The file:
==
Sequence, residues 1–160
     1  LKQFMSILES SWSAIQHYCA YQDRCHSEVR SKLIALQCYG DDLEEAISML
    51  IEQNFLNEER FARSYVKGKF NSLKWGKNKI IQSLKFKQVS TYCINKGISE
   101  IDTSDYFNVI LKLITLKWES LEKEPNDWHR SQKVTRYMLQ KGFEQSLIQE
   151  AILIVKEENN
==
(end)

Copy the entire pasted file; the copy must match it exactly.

Sequence, residues 1–160
     1  LKQFMSILES SWSAIQHYCA YQDRCHSEVR SKLIALQCYG DDLEEAISML
    51  IEQNFLNEER FARSYVKGKF NSLKWGKNKI IQSLKFKQVS TYCINKGISE
   101  IDTSDYFNVI LKLITLKWES LEKEPNDWHR SQKVTRYMLQ KGFEQSLIQE
   151  AILIVKEENN